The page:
The result? After 2 years, realising the new colleagues and I spoke totally different languages (albeit varieties of English), I left to set up a new company, Swan Communication, determined to use it to publish culturally-aware materials for specific contexts and users. Another firm decision was to keep the company small - and to be responsible for all the decision-making (with help from trusted freelance colleagues) and results. In fact, it was set up, in 1996, with just one director/employee: Susan Holden. The responsibility is huge, but the opportunity to make decisions quickly, and be flexible, is an invigorating way of producing materials with a ‘voice’.
Many of the materials developed since then, whether published by Swan Communication, or when working as an author, or as a teacher training consultant, have been based on experience in two very different areas: Central Europe and Latin America (notably Brazil and Mexico).
The former was affected by developing history: after the fall of the Berlin Wall, English could suddenly be taught as a first foreign language in schools - but the existing ‘international’ courses produced by UK publishers, often full of pictures of red letter boxes, Westminster Abbey and the London Underground were far from the reality of their prospective users - students and teachers who had not yet travelled to experience this world and communicate with its inhabitants. So, there were opportunities for materials based in the reality of Central Europe, and involving local teachers as writing teams. Place, culture, teaching experience and learning context were all as important as the language syllabus.
Ongoing consultancy work in Brazil had involved extensive travel to various parts of this huge country, with its different climates, history and populations. Observing classes and talking to teachers in a prestige language institute in Rio or São Paulo was a very different experience from doing so in a state sector secondary school in a small town where the class size might be 40 and the teacher had limited English. Again, the need for different types of materials (and training) was apparent. People and context … it seems so obvious!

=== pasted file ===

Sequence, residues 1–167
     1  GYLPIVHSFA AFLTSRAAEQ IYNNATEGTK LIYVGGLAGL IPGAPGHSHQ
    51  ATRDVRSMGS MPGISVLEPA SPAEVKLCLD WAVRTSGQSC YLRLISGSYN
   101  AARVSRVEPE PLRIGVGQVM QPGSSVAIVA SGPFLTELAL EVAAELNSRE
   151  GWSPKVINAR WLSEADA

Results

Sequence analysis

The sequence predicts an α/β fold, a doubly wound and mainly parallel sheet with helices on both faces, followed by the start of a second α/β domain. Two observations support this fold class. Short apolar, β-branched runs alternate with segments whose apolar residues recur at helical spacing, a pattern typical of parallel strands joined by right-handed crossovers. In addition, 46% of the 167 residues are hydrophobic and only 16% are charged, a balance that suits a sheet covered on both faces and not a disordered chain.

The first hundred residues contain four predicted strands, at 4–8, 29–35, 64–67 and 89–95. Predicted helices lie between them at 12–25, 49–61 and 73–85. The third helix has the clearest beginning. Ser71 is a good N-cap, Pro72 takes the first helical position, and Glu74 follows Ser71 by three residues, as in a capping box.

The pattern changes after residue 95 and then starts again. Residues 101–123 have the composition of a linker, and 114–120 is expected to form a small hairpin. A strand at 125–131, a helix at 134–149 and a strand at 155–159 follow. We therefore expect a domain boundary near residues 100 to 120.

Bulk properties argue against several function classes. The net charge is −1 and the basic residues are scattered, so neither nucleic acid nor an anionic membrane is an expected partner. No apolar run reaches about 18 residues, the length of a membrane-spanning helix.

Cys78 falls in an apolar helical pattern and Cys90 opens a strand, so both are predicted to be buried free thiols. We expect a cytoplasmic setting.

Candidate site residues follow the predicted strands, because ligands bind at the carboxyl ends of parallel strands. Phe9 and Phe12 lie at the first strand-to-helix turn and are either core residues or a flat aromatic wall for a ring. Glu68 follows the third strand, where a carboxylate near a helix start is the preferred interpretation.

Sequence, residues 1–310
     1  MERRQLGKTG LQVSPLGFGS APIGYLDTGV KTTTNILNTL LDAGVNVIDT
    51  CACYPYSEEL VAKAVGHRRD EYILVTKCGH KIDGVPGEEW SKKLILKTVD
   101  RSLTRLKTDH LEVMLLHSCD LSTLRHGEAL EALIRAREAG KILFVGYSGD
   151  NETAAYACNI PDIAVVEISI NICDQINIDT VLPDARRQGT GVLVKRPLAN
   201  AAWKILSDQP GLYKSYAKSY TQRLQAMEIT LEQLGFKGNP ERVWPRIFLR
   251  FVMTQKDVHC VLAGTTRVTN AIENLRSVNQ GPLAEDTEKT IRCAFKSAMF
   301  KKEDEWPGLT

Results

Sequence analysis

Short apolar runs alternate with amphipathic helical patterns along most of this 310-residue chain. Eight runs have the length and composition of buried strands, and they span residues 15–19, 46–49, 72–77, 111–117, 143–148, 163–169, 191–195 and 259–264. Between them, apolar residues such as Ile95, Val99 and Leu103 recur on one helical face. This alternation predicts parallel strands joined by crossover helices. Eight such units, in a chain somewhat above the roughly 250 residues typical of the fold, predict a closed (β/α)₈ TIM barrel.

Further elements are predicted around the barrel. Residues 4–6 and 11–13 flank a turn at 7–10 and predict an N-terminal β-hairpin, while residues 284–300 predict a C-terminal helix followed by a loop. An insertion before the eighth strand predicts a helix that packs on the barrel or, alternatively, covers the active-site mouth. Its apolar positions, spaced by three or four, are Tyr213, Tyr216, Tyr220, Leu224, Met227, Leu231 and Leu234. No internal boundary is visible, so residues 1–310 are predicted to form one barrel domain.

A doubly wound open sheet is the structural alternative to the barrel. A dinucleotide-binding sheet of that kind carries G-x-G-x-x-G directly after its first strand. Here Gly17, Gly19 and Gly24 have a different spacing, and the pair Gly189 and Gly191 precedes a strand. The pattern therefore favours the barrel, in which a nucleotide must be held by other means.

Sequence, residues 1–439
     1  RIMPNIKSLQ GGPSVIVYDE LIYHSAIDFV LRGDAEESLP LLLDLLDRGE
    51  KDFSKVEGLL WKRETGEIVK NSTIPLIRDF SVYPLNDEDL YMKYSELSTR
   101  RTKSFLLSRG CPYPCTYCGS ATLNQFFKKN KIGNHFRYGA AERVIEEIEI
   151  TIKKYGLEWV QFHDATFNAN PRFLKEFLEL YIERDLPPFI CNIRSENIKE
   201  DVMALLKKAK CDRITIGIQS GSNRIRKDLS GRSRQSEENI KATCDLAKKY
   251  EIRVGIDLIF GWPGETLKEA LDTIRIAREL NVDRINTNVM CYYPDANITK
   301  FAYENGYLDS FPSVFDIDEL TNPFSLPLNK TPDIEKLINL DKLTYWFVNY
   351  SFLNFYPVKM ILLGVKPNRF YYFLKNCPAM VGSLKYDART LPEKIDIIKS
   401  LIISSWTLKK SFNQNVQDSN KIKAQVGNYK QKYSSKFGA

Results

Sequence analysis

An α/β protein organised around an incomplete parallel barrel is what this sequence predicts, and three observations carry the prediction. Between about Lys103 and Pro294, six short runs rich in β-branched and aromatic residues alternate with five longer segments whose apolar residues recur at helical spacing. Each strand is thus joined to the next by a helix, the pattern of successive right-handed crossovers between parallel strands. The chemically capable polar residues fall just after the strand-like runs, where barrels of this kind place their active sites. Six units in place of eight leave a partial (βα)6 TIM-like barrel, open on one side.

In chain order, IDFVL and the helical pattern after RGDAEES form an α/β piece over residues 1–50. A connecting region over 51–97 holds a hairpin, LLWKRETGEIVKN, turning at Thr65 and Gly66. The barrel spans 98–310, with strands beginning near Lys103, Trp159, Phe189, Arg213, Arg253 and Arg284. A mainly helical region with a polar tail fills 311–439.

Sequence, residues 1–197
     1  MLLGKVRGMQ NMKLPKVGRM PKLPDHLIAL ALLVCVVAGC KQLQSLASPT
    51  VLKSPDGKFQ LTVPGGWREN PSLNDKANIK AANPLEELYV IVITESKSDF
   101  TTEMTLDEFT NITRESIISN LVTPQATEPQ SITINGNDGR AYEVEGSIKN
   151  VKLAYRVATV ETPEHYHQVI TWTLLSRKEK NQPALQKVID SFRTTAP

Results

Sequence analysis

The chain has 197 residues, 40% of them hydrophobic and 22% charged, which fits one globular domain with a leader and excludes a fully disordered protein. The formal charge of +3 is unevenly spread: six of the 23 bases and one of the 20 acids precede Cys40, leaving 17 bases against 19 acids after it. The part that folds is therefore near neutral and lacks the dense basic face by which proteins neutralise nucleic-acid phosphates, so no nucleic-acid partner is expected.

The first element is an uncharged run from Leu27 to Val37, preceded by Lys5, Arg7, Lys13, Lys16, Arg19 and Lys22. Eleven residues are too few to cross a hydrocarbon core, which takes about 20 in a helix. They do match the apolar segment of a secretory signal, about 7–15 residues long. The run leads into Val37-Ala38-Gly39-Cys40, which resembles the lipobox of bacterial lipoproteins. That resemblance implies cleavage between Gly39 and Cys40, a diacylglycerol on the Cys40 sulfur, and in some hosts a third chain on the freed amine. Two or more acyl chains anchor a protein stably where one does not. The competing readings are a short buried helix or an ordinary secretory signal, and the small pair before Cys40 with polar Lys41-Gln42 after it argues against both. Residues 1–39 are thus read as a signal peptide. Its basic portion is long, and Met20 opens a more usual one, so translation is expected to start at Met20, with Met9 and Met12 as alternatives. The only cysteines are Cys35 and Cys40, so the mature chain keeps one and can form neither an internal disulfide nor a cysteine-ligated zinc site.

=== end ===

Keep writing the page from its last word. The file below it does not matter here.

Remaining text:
The main results from these regular visits to Brazil were the Portfolio/Topics series of highly illustrated magazine-type material, aimed at providing topic-based input through photos and text in order to encourage users to explore the topics in their own environments, and to produce their own texts and photos based on their own reality. Many teachers liked the idea but were nervous about the practicalities of doing project work, so supportive text and video material was produced for them. Listening and observing feeds into the creation and production of appropriate materials. For this series, I was the author.
I was also the author of Encounters. This was born out of the realisation that Brazil would be hosting the 1996 World Cup, and people working in the Service sector (taxi drivers, bar, hotel and restaurant staff, police, people working in shopping mall stores) who might never have learned English effectively at school, would suddenly have to interact with a range of foreign visitors, often using English as the means of communication, in contexts where either party could be stressed, appear rude, or simply give up. Extensive observation of these kinds of service encounters showed the problems and provided the framework and methodology for this four-level series for Brazil.
So where do Susan Holden and HLT come together?
Not through academic writing, but probably through a lifelong conviction that communication starts with people and context, is shaped by the relationship between these, and that any teaching/learning activities and materials should take this as the starting point. Humanistic? You decide!”